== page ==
It's Official: Java Heavyweights Announce Tools Interoperability Group
But are IBM, Borland, and Eclipse on board?
Last week, Sun Microsystems Inc., Oracle Corp., and eight other vendors announced the formation of the Java Tools Community (JTC), an initiative to promote interoperability among competing Java integrated development environments (IDE). Conspicuously absent from the JTC flotilla at launch time were two prominent Java tools vendors.
The JTC is positioned as a complement to the Java Community Process (JCP), which sponsors and oversees the development of Java standards. Its backers position the JTC as an initiative that focuses exclusively on Java development tools, where interoperability problems are legion. Oracle Corp., for example, markets Oracle 9i JDeveloper; Borland Software Corp., JBuilder; IBM Corp., WebSphere Studio; and Sun, NetBeans and Sun Studio.
This vastly complicates the job of an ISV that develops and markets its own J2EE-based application and which ideally would provide plug-in support—so enterprise developers could customize or otherwise write code in support of it—via an IDE. In the current state of affairs, an ISV needs to custom-code plug-ins for each of the IDEs it wants to support. In the world of Microsoft’s Visual Studio.NET IDE, ISVs need only write to a single set of APIs.
JTC members Sun and Oracle are joined by BEA Systems Inc., SAP AG, SAS Institute Inc., and Compuware Corp., among others. JTC grows out of Java Specification Request (JSR) 198—“Standard Extension API for Integrated Development Environments”—which proposed to establish a common API framework for Java IDEs. “The advent of JSR 198 allows us to continue to do that. The goal is to standardize those APIs so [developers] can write it once and move back and forth [between IDEs],” said Ted Farrell, chief architect for JDeveloper with Oracle, in an interview last month, before JTC members were willing to cop to the still-secret initiative. “We’re a big believer that if you standardize the APIs and the data, then the vendors can compete on the implementation. So [JSR 198] provides APIs so that ISVs can write extensions that work with multiple IDEs.”
As expected, the JTC ship is launching without official support from Java tools giants Borland and IBM, which both support successful IDEs of their own design. IBM also kick-started the open source Eclipse development project and bases its WebSphere Studio IDE on Eclipse. Eclipse is seen by some as a competitor to the JTC, but in an interview last month, Eclipse chair Skip McGhaughey said Eclipse is less a dedicated Java IDE and more an all-purpose framework designed to support any conceivable programming language. “[A]s long as the community wants to support a specific language, it can be built into Eclipse, so the goal here is to have a language choice built on top of a platform of choice, and that’s what we’re delivering right now,” he said.
Bernie Spang, director of WebSphere Studio for IBM, echoed this assessment. “IBM is very focused on our participation in Eclipse as a general open tools community. We certainly care about Java tools, but we don’t only care about Java tools. Our customers today are still mostly developing and maintaining COBOL and PL1 and C and other languages,” he said last month.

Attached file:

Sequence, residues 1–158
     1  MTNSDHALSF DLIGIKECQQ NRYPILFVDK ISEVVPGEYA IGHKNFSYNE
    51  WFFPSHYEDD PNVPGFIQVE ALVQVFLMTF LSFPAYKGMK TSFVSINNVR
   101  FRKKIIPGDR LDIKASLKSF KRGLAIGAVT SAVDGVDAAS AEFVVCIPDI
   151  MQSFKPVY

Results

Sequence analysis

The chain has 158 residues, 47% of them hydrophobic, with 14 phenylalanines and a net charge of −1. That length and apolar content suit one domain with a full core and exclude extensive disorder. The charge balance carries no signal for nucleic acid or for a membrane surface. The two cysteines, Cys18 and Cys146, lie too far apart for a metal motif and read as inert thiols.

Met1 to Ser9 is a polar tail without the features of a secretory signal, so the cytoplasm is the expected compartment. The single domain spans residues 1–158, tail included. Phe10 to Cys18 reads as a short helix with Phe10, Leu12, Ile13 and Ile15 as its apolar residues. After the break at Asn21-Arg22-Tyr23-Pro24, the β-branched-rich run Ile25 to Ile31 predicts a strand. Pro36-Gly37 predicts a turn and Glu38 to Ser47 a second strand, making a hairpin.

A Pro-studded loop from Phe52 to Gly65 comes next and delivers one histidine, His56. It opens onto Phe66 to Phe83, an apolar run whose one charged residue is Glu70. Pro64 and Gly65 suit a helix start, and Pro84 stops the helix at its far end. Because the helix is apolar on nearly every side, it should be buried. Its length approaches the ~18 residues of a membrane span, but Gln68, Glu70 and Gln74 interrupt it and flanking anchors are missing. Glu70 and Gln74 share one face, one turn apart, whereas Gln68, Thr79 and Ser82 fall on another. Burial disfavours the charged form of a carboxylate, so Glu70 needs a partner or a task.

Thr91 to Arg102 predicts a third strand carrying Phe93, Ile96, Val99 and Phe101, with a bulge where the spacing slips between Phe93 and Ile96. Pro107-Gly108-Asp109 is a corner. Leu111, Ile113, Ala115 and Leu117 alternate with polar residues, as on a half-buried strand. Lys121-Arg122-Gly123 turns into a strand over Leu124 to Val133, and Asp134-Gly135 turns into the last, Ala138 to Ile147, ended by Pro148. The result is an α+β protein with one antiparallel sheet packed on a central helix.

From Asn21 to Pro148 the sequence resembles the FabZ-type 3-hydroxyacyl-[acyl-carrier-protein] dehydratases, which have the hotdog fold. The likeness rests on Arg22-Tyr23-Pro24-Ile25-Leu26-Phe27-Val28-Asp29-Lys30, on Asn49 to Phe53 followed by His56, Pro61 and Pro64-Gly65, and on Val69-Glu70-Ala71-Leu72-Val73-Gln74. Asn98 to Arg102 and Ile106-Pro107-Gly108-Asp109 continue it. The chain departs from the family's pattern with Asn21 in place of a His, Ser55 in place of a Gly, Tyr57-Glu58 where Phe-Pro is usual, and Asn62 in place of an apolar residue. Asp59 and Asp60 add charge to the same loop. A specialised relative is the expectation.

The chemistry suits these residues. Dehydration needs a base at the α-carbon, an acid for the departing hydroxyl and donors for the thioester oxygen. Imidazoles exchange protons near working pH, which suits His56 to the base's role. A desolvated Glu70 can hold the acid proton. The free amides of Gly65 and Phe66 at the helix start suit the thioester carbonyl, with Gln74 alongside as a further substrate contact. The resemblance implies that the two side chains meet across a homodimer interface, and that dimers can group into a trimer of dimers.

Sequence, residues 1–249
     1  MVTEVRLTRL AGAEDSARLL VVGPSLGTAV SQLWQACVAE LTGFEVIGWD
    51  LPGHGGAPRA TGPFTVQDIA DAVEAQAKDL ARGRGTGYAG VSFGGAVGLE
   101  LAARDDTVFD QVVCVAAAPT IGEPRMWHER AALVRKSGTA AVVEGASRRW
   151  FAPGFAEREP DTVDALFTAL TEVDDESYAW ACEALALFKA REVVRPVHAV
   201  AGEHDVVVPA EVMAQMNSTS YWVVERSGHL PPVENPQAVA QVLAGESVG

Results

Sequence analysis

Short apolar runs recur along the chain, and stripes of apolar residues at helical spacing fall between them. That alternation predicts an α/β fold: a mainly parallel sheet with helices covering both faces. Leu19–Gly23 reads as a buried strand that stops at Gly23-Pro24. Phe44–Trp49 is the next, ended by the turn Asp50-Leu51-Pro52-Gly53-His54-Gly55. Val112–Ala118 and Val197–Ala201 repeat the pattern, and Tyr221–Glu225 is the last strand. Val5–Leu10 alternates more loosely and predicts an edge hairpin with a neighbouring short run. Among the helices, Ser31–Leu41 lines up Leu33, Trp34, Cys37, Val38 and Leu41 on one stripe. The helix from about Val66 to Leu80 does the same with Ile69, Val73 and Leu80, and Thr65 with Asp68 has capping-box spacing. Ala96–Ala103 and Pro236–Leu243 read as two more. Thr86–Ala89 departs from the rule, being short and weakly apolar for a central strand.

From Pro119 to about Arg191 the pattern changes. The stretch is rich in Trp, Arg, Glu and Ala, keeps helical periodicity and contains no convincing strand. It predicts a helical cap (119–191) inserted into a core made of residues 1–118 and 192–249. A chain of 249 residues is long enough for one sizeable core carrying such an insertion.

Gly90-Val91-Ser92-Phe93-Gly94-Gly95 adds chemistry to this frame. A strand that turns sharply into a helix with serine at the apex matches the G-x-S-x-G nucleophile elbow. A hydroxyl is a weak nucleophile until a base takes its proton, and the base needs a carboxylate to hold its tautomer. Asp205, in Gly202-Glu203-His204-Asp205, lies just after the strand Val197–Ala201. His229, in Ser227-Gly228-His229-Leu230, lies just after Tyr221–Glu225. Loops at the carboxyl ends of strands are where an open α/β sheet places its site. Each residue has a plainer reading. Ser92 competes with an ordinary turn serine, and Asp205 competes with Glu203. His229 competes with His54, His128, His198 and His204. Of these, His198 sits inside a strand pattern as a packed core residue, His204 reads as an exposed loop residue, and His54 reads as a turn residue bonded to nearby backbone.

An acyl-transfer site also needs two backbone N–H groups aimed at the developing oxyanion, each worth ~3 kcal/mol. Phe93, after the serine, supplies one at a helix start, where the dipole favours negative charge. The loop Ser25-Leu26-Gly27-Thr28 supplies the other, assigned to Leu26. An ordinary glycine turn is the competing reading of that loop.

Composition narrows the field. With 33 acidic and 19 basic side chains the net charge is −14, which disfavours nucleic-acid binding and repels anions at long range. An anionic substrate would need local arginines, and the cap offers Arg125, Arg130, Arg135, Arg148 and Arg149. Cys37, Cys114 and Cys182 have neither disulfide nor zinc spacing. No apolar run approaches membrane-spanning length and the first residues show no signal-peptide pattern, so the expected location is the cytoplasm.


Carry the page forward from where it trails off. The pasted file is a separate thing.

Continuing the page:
At the same time, Spang allowed, IBM is dedicated to stewarding Java standards within the context of the JCP. “We are also very active participants in the Java Community Process, which includes development of Java standards that are tools-related and have [an] impact on tools,” he commented. Does this mean that IBM would consider joining the JTC? When asked last month, Spang deflected the question by noting that the JTC hadn’t yet been announced. Efforts to reach an IBM spokesperson by press time were unsuccessful.
For his part, Rich Main, director of Java development environments for SAS, says that the two organizations—Eclipse and the JTC—are actually highly complementary. In addition, he notes that SAS, along with JTC members Oracle and SAP, are all members of the Eclipse industry consortium. “Eclipse is focused on implementing world-class tools, and the JTC is focused on creating the standards underpinning [the IDEs] to allow you to do that,” Main comments.
According to Main, JTC backers last month sought to reassure Eclipse board members that the new organization is a complement to the open source IDE effort. “At the last Eclipse board meeting in December, Michael Bechauf [vice president of Java architecture and standards with SAP] and myself got up before the board along with Skip [McGhaughey] to talk about what is this JTC, so we got up to explain to them no, it’s not a competitor [to Eclipse], that’s absolutely not what it is, if that‘s what it is, we don’t want to be involved,” he explains. “We don’t want to be involved in fragmenting the Java community. We want to be involved in unifying the Java community. [JTC is] about creating the underlying standards on top of which all of us can innovate.”
Main says that this message was “extremely well received” by the Eclipse board.
No one knows if the absence of IBM and Borland will make or break the Java Community Tools organization, but some industry watchers, such as SAS’ Main, say that if the JTC helps to advance Java’s cause, Big Blue will eventually come on board. “IBM really does not want to be a bull in a Java shop and go off and cause problems for Java. Ultimately they want to rally everyone behind Java,” he says. “What could happen is that as [the JTC] drive[s] meaningful, effective standards that benefit [IBM], they’ll want to get involved in this.”
Stephen Swoyer is a Nashville, TN-based freelance journalist who writes about technology.